“Over the last multiple decades, the annual rise in costs for any type of senior care has significantly outpaced inflation,” he explained. “When we run [cost] analysis for folks, we would assume somewhere between 2%-3% annualized long-term inflation. But for the increase in cost of senior care, we would assume anywhere from 5%-6% annualized inflation. So that’s about double the rate of growth compared to general U.S. inflation.”
He has seen that, in most cities, costs related to day-to-day elder care can reach $8,000 to $10,000 per month.
“It can vary depending on where you are,” Chavis added. He noted that a low estimate is typically around $5,000 to $6,000 per month.
Long-Term Care Insurance
Sometimes individuals don’t feel prepared, or able, to take on the financial responsibilities of caregiving. In those cases, Chavis suggested looking into long-term care insurance options.
“It could be expensive in terms of premiums up front, but it could be worth it,” he said. “On some life insurance policies, you can have some long-term care benefits… It’s not cheap, but for certain situations. it can make sense.”
If considering some sort of supplemental insurance, Chavis recommended individuals talk to a certified financial planner or financial advisor, before going to an insurance agent.
“You want an unbiased consultation with someone who can perform an analysis on a comprehensive level. That’s as opposed to someone who is just going to sell you a policy. I’d recommend someone who is going to provide that consultation in a fiduciary capacity,” he said.
Home Equity a Potential Resource for Elder Care
Home equity is one financial resource that can be tapped if all other sources of income fall short, Cady North shared.
“Another area where [senior] parents or grandparents may have more resources than they think is the equity in their homes," she added. "That’s a ready source of income to supplement the cost of assisted living that your retirement income or Medicare doesn’t provide.”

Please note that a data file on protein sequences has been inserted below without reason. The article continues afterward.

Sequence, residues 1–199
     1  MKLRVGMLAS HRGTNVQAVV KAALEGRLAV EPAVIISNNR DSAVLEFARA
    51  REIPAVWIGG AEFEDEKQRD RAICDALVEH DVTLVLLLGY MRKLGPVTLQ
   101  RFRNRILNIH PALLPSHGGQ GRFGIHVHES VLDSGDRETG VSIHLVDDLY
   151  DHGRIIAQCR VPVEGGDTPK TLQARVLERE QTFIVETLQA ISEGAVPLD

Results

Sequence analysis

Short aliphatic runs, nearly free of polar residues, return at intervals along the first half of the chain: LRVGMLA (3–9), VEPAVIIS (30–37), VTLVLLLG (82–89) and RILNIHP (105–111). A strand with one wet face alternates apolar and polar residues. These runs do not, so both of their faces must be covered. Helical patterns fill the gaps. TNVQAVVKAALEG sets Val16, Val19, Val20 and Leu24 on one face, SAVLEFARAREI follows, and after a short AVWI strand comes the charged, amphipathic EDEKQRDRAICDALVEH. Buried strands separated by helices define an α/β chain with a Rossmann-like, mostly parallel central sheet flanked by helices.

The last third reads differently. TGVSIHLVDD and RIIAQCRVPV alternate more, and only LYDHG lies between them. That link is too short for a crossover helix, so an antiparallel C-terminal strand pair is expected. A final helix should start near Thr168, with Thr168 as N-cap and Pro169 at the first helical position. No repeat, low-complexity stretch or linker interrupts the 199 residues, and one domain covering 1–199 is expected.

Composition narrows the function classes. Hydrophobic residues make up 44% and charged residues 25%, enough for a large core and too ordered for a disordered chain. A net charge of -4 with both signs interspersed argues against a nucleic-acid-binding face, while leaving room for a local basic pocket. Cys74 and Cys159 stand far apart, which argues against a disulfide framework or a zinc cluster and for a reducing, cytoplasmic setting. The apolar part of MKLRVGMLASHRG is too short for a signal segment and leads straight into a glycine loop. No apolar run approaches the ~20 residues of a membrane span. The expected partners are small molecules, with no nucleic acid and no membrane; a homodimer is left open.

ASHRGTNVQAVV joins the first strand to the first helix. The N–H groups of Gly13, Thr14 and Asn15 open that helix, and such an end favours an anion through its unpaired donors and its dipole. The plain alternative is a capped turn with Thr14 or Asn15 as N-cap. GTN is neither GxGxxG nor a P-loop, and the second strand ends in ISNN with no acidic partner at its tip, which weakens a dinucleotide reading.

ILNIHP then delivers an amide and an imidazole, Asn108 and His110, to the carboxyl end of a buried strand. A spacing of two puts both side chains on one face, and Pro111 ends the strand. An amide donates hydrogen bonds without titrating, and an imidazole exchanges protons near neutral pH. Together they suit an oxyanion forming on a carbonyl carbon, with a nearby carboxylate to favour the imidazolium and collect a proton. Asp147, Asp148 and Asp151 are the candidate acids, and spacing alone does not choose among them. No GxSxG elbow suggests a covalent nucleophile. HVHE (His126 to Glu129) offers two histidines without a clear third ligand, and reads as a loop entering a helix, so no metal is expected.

There are also some community-based organizations that offer certain services for seniors, like transportation and meals, North noted. “Most people have more resources than they expect,” she said.
North also recommended that individuals speak with a tax advisor. Those professionals can help uncover spending, like on medical care, that may be deductible.
“If more and more of the [elderly] parents’ expenses are directed towards medical care, that means that much more of their tax situation will be deductible. You don’t then have to pay taxes on top of all of [the other expenses],” she noted.
“There’s also ‘aging in place’: having a plan for how [elderly family] could do that for as long as possible, knowing that eventually they may need to move to an assisted living facility, where costs would increase,” North added.
In KFF’s survey, less than half (48%) of adults ages 65 and older said they had “set aside money that could be used to pay for ongoing living assistance expenses, including nursing home care.” Additionally, only 41% of respondents in this age range said they had researched available types of elder care. Meanwhile, 42% said they had modified their homes “to make it easier for them to live in as they grow older.”
Among respondents aged 50 to 64, nearly one-third of adults (29%) said they had modified their home to accommodate their needs as they age.